When servers and hard drives containing sensitive information are decommissioned, they should be physically destroyed by shredding, corrosion or melting.
e) Film and microform such as video, cinematographic, microfiche, aperture cards and x-rays.
Destroyed by shredding, cutting, crushing or chemical recycling.
f) Electronic systems such as business systems and electronic document management systems.
Records in business systems should be destroyed using the functions of the system where possible, to maintain system integrity. Deletion is a practical method of destruction within such systems, but is only appropriate where the system is in active use. This is because the creation of new records should ensure that deleted ones are overwritten within a reasonable timeframe. If the system is not in active use, or contains highly sensitive information, the records should be overwritten rather than just deleted to prevent them from being recovered.
A record of destruction within business systems must be maintained. If the system doesn’t automatically record the destruction of records, external tools such as audit logs may be used.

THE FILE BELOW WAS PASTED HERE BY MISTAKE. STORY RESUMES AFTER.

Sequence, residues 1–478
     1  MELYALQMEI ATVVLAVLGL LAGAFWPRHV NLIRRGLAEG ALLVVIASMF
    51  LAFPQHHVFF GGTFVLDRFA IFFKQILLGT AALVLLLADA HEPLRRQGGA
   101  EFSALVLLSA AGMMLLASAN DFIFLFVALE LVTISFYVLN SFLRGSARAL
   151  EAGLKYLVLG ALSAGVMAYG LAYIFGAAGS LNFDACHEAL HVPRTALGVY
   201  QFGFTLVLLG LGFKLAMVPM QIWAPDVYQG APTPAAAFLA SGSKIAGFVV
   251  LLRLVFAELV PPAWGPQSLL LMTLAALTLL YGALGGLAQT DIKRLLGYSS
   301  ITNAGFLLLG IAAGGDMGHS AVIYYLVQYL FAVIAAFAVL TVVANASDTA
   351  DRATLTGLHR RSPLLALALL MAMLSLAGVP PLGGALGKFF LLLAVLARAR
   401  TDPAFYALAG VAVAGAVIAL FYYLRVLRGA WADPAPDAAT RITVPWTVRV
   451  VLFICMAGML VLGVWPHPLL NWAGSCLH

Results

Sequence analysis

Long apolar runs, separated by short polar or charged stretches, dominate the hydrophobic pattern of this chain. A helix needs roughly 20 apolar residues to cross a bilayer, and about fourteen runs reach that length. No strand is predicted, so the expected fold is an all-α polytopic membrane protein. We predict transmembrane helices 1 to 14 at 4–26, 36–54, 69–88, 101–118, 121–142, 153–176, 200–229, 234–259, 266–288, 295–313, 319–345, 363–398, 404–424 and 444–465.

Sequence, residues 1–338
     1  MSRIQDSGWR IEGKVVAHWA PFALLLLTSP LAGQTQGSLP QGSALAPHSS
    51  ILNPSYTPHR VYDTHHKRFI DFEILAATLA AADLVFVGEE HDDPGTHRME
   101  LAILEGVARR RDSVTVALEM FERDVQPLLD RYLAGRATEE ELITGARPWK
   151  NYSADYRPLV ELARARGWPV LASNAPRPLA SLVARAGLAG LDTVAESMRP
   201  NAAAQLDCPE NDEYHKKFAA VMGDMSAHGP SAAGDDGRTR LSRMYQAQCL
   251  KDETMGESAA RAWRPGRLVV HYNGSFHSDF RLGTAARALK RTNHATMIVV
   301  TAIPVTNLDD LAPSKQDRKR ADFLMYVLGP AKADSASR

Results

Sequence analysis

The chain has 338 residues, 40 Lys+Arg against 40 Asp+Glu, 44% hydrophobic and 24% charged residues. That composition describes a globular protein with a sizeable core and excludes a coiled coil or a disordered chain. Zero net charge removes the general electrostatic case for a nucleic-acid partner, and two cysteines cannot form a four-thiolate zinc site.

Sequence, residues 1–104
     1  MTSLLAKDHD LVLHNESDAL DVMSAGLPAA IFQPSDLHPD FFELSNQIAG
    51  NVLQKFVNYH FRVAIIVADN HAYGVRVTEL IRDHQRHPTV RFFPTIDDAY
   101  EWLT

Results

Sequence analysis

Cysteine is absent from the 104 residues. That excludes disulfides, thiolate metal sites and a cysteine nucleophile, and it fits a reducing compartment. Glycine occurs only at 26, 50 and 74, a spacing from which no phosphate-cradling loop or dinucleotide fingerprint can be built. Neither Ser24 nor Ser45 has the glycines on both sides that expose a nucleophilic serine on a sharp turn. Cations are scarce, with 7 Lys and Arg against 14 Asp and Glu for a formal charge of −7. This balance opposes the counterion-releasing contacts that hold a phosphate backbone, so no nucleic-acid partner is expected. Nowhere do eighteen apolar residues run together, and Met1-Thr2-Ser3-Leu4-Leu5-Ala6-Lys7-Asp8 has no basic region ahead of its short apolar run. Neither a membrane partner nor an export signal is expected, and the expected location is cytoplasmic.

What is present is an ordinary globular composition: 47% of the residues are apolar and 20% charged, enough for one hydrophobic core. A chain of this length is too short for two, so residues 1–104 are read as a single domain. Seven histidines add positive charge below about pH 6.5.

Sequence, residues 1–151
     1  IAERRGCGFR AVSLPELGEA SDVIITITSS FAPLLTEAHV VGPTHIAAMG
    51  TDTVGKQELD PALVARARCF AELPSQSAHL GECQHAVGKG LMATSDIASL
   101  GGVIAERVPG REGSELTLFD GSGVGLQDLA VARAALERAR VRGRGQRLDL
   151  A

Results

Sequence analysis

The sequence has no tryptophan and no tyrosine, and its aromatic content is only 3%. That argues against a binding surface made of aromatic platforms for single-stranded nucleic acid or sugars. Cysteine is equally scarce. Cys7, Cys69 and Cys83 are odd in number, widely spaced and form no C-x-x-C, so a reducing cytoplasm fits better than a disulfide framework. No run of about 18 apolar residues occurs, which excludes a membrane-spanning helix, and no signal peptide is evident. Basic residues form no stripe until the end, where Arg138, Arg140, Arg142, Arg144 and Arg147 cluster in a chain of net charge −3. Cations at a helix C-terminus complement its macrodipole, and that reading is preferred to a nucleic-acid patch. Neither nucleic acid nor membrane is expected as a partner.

3. Using a contractor to destroy records
Contractors may be engaged to destroy records. It remains the responsibility of the University, however, to ensure that destruction is performed appropriately. Contractors must perform destruction in accordance with Section 2 above. Compliance is proved via the certificate of destruction. It is recommended that these obligations are contractually stated.
All contracts relating to the handling of university or public records must contain a clause, as described in s.17 (2) of the Information Privacy Act 2000 and the University’s Contract Management Procedure, through which information privacy is transferred from the agency to the contractor.
Advice from the RMIT Privacy Officer or Legal Services can be obtained in relation to suitable contract clauses.
If a suitable clause is not included in the contract, and the contractor breaches privacy law by mishandling personal information, the University as well as the contractor will be held responsible under the privacy legislation.[Next: Supporting documents and information]